#116 – Visiting the ancestors – time travel in North Wales

Maen y Bardd tomb, near Tal y Fan in the Northern Carneddau

Maen y Bardd tomb, near Tal y Fan in the Northern Carneddau

Living in the UK we don’t have to travel very far to find traces of those who lived here before us.   North Wales is particularly rich in examples, but pick almost any upland area of Britain or Ireland and you will find the traces of our ancestors stretching back over centuries and even millenia.   Why the upland areas?  It’s all about the weather.

The Maen y Bardd dolmen, looking down towards the Afon (River) Conwy

The Maen y Bardd dolmen, looking down towards the Afon (River) Conwy

About 4-5000 years ago, the British climate was warmer and drier than nowadays, and areas now marginal were quite cosy – climate change later made these areas unattractive and difficult to farm.  Because of that, many of the ancient remains have hardly been disturbed over the succeeding centuries – when you are engaged in subsistence agriculture, you usually have better things to do than knocking down ancient stone circles!

On the Roman road from Rowen to Bwlch-y-Ddeufaen (Pass of the Two Stones)

On the Roman road from Rowen to Bwlch-y-Ddeufaen (Pass of the Two Stones)

Chris and I had decided on a bit of time travel, following part of the route of the old Roman road from the tiny settlement of Caerhun (Canovium) to Caernarfon (Segontium).  Anything Roman is not far off two thousand years old, which is already pretty ancient, but the route we followed, starting from the Youth Hostel above Rowen, was already old when the Romans arrived on the scene.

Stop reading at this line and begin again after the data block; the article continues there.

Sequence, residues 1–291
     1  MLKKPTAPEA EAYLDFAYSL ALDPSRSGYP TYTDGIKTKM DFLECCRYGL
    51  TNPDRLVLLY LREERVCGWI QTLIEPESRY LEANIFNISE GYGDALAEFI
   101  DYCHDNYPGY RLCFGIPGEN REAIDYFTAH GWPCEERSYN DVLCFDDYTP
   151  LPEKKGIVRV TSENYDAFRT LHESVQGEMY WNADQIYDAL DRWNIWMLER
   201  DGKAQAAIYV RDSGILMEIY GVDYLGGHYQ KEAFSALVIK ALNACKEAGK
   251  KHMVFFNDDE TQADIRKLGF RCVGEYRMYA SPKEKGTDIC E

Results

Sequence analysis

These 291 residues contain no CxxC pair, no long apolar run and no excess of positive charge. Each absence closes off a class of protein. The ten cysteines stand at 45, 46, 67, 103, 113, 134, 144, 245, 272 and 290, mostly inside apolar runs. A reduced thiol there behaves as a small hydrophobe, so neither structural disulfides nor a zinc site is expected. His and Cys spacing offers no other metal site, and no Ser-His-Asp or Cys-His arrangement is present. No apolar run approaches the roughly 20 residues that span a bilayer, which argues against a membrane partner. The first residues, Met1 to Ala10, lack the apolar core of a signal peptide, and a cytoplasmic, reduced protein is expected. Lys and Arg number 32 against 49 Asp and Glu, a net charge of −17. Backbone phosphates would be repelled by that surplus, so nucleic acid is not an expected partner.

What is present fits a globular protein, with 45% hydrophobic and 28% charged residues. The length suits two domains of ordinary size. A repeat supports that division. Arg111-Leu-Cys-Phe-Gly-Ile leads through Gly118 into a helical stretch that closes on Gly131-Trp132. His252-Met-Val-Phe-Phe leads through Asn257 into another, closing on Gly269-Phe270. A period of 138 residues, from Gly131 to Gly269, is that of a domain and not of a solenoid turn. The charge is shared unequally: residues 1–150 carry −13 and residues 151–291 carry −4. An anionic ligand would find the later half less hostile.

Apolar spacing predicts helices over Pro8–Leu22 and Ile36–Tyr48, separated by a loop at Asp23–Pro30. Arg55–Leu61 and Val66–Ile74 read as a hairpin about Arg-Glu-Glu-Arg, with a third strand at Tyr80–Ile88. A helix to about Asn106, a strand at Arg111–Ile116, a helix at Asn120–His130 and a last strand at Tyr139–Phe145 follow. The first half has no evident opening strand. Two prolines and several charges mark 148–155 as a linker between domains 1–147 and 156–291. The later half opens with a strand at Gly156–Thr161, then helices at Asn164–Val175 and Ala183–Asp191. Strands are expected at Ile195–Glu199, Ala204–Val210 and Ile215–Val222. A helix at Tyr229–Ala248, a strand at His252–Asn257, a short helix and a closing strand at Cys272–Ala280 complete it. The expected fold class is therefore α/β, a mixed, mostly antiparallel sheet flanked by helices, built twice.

‘Mist’ investigates the Maen y Bardd tomb

‘Mist’ investigates the Maen y Bardd tomb

Just the right size for a dog kennel!

Just the right size for a dog kennel!

Cae Coch standing stone

Cae Coch standing stone

Another view of the stone – the bracken makes the name ‘Cau Coch’ (Red Enclosure) quite accurate

Another view of the stone – the bracken makes the name ‘Cau Coch’ (Red Enclosure) quite accurate

First on the list was the impressive Dolmen (chambered tomb) at Maen y Bardd.  It is probably at least 5000 years old, dating back to Neolithic times – a local name is Cwt y Filiast meaning the ‘Kennel of the Greyhound’, and ‘Mist’ seemed to find it cosy enough.  From there we passed a prominent standing stone from the same period at Cau Coch (the ‘Red Enclosure’) before heading up to two more standing stones at Bwlch y Ddeufean (the ‘Pass of Two Stones’)

Chris next to the 3 metres high standing-stone at Bwlch y Ddeufean

Chris next to the 3 metres high standing-stone at Bwlch y Ddeufean

Another view of the stone with the 20th Century power lines above

Another view of the stone with the 20th Century power lines above

The author and ‘Mist’ at the 2 metre stone

The author and ‘Mist’ at the 2 metre stone

Looking down towards the sea from the pass

Looking down towards the sea from the pass

The Neolithic people knew this pass 5000 years ago, and the Romans came this way  3000 years later.  More recently, drovers would have herded their cattle along here and 20th Century man added power lines and pylons – the two Neolithic standing-stones, two and three metres in height respectively, will probably outlast all the other traces of human activity.

The start of the climb up Foel Lwyd

The start of the climb up Foel Lwyd

Wild horses, often seen in the hills of the Northern Carneddau